Remarks by Knox Thames at Brussels Conference on Victims of Ethnic and Religious Violence in the Middle East

Brussels Conference on Victims of Ethnic and Religious Violence in the Middle East, Belgium Foreign Affairs, Foreign Trade and Development Cooperation, Picture Vlad Vanderveken

Statement by Knox Thames
Special Advisor for Religious Minorities
in the Near East and South/Central Asia

Brussels Conference on Victims of Ethnic and Religious Violence in the Middle East: Protecting and Promoting Plurality and Diversity

May 14, 2018

On behalf of the United States Government, I want to thank Belgium for hosting this important and timely meeting and Lebanon for co-chairing it. We appreciate that Belgium has continued this series of meetings, launched by France in 2015, and hosted by the United States in 2016 and Spain last year.

We are here out of a shared concern about the future of religious diversity and pluralism in Iraq and Syria. We stand united in our condemnation of the atrocities ISIS has committed against all of the innocent people in these countries, including religious and ethnic minorities. We are resolved to help these vulnerable communities heal after the trauma they have suffered, to do what we can to reknit the social fabric that once held them together, and to hold accountable those who committed atrocities against them.

We stand together in insisting that religious freedom and other human rights of all must be respected. And we are meeting today to find ways to do more at this crucial moment, to work to ensure Iraq and Syria’s diverse mosaic of religious and ethnic communities is not lost to history, to see that these people, both men and women, are protected equally under the law and have a hand in determining the future of their communities.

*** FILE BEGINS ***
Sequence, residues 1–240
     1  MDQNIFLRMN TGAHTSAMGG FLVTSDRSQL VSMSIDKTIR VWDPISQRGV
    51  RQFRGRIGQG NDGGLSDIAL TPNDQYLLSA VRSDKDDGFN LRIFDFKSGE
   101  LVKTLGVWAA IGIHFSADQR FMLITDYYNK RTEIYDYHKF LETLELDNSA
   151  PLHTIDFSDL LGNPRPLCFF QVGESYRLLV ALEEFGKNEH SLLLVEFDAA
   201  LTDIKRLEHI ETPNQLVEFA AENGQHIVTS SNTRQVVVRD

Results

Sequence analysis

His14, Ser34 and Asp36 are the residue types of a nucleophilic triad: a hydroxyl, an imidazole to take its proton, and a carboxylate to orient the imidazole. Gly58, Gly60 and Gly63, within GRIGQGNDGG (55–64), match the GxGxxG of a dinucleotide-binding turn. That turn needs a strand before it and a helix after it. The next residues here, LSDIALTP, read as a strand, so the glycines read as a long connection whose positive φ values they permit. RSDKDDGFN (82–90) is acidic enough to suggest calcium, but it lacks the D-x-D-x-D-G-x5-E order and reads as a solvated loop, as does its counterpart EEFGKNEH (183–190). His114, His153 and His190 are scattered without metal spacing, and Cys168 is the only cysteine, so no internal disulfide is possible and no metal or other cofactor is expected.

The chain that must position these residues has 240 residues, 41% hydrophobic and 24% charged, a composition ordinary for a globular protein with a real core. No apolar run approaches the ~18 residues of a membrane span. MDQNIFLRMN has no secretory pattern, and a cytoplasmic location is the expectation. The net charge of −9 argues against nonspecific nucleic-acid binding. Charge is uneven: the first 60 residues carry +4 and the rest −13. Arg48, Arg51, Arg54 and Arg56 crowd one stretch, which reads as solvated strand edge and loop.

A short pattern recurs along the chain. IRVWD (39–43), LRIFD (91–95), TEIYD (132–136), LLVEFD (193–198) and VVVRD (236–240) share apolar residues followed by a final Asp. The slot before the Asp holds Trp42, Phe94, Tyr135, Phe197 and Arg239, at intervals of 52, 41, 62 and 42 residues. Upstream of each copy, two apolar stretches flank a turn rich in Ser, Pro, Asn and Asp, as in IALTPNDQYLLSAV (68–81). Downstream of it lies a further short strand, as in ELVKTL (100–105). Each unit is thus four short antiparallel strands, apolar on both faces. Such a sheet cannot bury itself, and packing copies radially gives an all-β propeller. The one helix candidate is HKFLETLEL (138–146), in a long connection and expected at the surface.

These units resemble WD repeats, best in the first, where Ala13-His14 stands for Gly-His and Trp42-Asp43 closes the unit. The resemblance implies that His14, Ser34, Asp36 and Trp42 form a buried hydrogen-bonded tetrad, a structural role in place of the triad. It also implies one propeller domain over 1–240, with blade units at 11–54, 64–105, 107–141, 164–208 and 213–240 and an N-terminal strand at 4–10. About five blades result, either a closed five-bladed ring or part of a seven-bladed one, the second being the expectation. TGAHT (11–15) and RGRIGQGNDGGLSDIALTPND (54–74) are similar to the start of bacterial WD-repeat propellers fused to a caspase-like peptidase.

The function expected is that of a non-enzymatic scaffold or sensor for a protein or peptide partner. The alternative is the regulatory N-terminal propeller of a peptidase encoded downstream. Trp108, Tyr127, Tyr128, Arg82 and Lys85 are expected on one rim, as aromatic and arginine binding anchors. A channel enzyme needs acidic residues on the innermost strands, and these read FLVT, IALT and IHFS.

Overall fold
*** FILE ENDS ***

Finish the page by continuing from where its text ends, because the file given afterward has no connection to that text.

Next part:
The United States’ commitment to assisting the victims of ISIS atrocities and promoting religious diversity and pluralism is evidenced by the President’s National Security Strategy, released in December 2017. It recognizes that religious minorities continue to be victims of targeted violence and states explicitly that the United States “will advocate on behalf of religious freedom and threatened minorities… We will place a priority on protecting members of these groups and will continue working with regional partners to protect minority communities from attacks and to preserve their cultural heritage.”

This is too big a task for any country to face alone. We must work together to help these communities in whatever ways we can, whether training members of police and security forces that are from minority populations so that they can be incorporated into legitimate security structures in their communities; exhuming mass graves and supporting other efforts to gather and preserve evidence that may be used in the future to hold ISIS accountable and provide information to families about the fate of their loved ones; rehabilitating and protecting cultural heritage sites; or helping to provide needed psychosocial assistance to the women and children who survived the horrors of ISIS captivity.

With Iraq fully liberated, the international community must help the Government of Iraq shift from the hard work of winning the war to the equally difficult task  of winning and maintaining the peace. The Paris Action Plan rightly emphasizes several key issues, such as ensuring protection to affected populations and increasing security, supporting sustainable return and reintegration of displaced populations, fighting impunity and working to ensure justice, promoting inclusiveness and plurality in political processes, and preserving cultural heritage. In all of these issues we see the importance of protecting human rights, including religious freedom, and helping to secure equal protection under the law for all.